As president, his attempts to pass a cap-and-trade law were crushed by almost-unanimous partisan opposition in Congress. By 2012, the only people who remembered his "heal the Earth" comment were on Mitt Romney's research team.
Today, the president seems more pragmatic and deliberate. In his inauguration address, he devoted more words to climate disruption than to any other single topic. "We will respond to the threat of climate change, knowing that failure to do so would betray our children and future generations," Obama said. "Some may still deny the overwhelming judgment of science, but none can avoid the devastating impact of raging fires, and crippling drought, and more powerful storms."
Those sound like the words of a president who has decided to bend history, a president who is prepared to tackle the biggest issue of his time.
What should he do?
1. Obama should speak out boldly and soon about the goals he wants to be remembered for. Abraham Lincoln did not just ask for an emancipation law - he issued an Emancipation Proclamation. Obama should commit the United States to a 25-year plan that would end our use of fossil fuels. And he should make clear that America's scientists, industrialists, and workers will achieve that energy revolution, regardless of whether China or India or Russia chooses to join the effort.
2. He should build a cabinet of hard-charging leaders who will make climate a priority in their domains. The selection of Seattle's Sally Jewell as secretary of interior and John Kerry as secretary of state are important steps in that direction. Both are more knowledgeable about climate issues, and vastly more committed to addressing them, than their predecessors. The most important choices, however, lie ahead. The departing leaders of the Environmental Protection Agency (Lisa Jackson) and the Department of Energy (Steven Chu) were the strongest senior climate advocates of Obama's first term. Their departures sent chills through the climate community. The selection of top-tier replacements such as Gina McCarthy for EPA and Bill Ritter for Energy would send a clear signal that Obama is serious.
3. The president should use his executive powers to arrest or reverse the most dangerous, climate-related practices. Most of these involve the extraction, transport, and burning of coal and other hydrocarbon fuels. Obama should, for example, shut down existing coal-fired power plants and make new ones impossible to permit; strictly regulate or ban coal exports; ban the importation or sale of liquid fuels from tar sands and coal liquefaction; accelerate the federal drive to electrify our vehicle fleet, and follow the rest of the industrialized world (even China!) in building a nationwide grid of high-speed electric trains. It is not enough to complain that Congress won't act. The president can and must do what has to be done.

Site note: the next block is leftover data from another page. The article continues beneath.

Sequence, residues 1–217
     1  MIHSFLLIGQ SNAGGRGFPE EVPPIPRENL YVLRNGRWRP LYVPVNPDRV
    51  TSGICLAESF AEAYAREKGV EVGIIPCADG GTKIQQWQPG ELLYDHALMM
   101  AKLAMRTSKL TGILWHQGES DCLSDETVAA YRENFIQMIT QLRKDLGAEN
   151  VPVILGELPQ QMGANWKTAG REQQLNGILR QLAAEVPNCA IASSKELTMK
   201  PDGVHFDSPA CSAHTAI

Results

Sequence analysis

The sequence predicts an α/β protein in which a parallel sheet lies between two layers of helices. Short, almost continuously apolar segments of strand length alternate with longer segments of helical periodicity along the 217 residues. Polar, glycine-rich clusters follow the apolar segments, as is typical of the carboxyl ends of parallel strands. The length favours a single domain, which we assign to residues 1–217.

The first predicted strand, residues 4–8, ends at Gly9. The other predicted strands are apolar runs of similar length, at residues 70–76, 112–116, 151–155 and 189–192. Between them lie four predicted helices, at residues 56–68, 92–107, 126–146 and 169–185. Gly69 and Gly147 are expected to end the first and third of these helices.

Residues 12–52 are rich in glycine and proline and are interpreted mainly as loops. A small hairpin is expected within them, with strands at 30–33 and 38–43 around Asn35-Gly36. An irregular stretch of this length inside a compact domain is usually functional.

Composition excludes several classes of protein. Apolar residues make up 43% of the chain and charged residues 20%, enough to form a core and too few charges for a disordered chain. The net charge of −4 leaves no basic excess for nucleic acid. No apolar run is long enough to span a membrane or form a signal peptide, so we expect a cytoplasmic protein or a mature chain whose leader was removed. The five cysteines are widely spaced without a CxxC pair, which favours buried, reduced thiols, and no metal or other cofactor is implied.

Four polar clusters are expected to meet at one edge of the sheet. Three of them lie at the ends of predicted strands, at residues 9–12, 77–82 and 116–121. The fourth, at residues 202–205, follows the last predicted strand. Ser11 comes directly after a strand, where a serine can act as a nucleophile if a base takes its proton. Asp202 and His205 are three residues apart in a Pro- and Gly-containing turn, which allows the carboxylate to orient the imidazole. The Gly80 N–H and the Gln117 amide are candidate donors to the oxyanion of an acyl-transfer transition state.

4. Obama should deploy the U.S. military in the climate cause. No part of the federal government is more energy intensive, or energy aware than the U.S. Army, Navy, Air Force, and Marines. Rabid interest in ultraefficient, distributed, and renewable energy sources permeates all branches of the armed services. Every military facility should feature "living buildings," coated with solar panels and tied together in smart, hack-proof microgrids. The U.S. military has been the birthplace of many historic firsts, including racial integration and the GI Bill. Today, the Defense Advanced Research Projects Agency might be the best cutting-edge science organization in the nation. The military is poised, and eager, to lead America into a post-carbon world. The president should help it.
5. "Organizing for Action," Obama's new advocacy group, should unleash a massive grassroots climate brigade. Designed to create an independent power base to support Obama's top priorities, OFA boasts such top-notch political operatives as Jim Messina and David Axelrod. Its executive director is Jon Carson, the former chief of staff at the White House Council on Environmental Quality - and a propitious choice. OFA should be richly funded to organize a coalition that can defeat the antediluvian forces within big oil and coal. That coalition will include high tech, finance, farmers, public health, and dozens of other interest groups. But at its core will be the tens of millions of citizen activists who were inspired by Obama's promise, and are eager to help him realize it.
If Obama brings the full strength of his bully pulpit to bear on the climate issue; marshals the independent power of the cabinet departments and agencies; inspires the nation's technical genius and entrepreneurial talent to rise to the challenge; and mobilizes the 80 percent of Americans who will support him on his quest to overcome the inertia and save the planet, he will join the tiny pantheon of great presidents, the ones who make us proud to be Americans.
Denis Hayes chairs the international Earth Day Network ( www.earthday.org) and is president of the Bullitt Foundation ( http://bullitt.org).